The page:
When a person has blood cancer, doctors use chemotherapy and radiotherapy to destroy the disease. It’s effective but leaves their immune system very weak and fragile. By giving them a stem cell transplant, we can boost the number of healthy cells to kick start their immune system. But timing is critical: the donor’s stem cells must be available as soon as the treatment has finished.
The hospital starts by testing the person’s family as there’s a 30% chance of finding a sibling match. If they don’t find a match, they come to us and we start searching our donor register. We have over 400,000 people on our register but because we match people by tissue type rather than blood groups, we don’t always find a match. As opposed to a few different blood types, there are millions of different types of cell tissue. The success of a patient’s transplant depends on finding a match, otherwise their body will reject it.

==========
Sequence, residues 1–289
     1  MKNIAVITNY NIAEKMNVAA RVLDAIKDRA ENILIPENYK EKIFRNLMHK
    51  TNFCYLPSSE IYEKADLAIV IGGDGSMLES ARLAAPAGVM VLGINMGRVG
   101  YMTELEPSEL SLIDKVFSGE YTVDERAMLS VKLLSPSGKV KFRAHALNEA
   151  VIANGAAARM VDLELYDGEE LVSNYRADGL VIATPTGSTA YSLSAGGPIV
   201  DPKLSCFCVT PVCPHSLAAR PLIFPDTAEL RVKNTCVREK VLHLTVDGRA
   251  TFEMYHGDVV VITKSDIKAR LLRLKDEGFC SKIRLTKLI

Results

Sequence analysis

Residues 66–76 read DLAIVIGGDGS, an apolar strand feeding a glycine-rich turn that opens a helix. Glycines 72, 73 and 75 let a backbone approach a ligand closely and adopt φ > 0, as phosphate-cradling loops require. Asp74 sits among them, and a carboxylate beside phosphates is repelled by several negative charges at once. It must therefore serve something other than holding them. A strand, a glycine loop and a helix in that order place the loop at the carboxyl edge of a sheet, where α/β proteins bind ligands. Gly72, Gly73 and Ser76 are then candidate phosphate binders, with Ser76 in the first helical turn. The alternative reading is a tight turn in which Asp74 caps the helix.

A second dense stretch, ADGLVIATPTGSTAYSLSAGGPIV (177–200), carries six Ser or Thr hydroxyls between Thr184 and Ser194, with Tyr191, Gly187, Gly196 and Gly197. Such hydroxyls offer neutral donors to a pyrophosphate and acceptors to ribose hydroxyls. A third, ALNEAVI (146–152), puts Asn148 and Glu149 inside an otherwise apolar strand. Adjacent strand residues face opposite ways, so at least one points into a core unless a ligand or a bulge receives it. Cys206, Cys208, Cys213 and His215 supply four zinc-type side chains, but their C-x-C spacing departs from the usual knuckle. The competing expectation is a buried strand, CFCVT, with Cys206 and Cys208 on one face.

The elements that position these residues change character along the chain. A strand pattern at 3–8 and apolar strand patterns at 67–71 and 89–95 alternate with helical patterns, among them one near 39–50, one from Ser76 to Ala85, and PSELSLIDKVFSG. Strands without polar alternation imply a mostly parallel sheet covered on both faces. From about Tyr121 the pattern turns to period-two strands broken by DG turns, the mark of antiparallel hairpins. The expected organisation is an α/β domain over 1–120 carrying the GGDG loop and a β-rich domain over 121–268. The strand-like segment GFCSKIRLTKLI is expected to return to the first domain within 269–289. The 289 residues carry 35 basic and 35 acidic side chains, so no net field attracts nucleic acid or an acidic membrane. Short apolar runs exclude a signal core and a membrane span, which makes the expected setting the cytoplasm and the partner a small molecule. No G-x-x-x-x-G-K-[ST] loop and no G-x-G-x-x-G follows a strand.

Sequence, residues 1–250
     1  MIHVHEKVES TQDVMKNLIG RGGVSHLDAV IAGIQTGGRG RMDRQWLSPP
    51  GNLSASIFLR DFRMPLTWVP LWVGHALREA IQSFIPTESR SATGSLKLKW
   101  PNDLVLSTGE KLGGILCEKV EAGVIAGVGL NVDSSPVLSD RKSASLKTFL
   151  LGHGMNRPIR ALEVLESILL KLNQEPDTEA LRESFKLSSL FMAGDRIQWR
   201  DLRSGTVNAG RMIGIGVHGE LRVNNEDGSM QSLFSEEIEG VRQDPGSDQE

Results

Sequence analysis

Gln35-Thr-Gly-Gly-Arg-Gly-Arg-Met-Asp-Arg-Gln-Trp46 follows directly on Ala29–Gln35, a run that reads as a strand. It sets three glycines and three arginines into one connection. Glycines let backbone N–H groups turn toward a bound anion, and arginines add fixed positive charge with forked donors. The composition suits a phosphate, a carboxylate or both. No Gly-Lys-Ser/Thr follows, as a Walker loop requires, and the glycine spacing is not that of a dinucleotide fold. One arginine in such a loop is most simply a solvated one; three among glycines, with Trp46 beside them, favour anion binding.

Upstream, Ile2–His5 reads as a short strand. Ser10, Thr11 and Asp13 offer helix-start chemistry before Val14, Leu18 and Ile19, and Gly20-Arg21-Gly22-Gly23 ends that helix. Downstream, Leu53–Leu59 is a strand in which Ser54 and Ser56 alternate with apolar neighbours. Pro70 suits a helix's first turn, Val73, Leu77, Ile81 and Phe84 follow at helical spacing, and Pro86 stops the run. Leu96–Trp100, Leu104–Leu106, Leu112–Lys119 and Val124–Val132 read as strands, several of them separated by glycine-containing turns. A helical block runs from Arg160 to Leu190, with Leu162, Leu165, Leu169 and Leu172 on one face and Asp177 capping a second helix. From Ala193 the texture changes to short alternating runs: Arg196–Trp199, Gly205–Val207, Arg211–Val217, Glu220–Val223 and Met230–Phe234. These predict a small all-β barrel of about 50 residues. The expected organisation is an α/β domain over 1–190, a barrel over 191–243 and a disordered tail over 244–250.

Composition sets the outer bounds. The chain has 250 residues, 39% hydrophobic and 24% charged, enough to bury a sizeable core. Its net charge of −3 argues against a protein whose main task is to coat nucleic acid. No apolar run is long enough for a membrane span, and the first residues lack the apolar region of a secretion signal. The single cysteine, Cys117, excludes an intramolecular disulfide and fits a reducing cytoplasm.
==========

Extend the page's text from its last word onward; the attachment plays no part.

So it’s simple. The more people we have on the register, the more matches we can find and the more lives we can save.